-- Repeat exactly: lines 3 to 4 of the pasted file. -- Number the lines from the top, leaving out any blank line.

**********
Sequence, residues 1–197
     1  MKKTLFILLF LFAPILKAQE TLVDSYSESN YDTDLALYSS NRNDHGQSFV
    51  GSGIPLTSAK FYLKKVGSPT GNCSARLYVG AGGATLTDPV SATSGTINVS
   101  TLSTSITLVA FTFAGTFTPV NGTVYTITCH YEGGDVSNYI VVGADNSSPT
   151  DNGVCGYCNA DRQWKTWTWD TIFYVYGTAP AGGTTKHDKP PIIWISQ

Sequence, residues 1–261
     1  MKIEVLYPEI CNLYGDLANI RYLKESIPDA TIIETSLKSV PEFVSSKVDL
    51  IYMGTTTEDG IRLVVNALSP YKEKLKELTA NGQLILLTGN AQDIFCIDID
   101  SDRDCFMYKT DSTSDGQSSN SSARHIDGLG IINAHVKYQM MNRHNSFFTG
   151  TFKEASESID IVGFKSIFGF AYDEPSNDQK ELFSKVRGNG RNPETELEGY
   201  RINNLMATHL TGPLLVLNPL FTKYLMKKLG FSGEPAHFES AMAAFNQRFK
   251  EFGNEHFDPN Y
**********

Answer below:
    51  GSGIPLTSAK FYLKKVGSPT GNCSARLYVG AGGATLTDPV SATSGTINVS
   101  TLSTSITLVA FTFAGTFTPV NGTVYTITCH YEGGDVSNYI VVGADNSSPT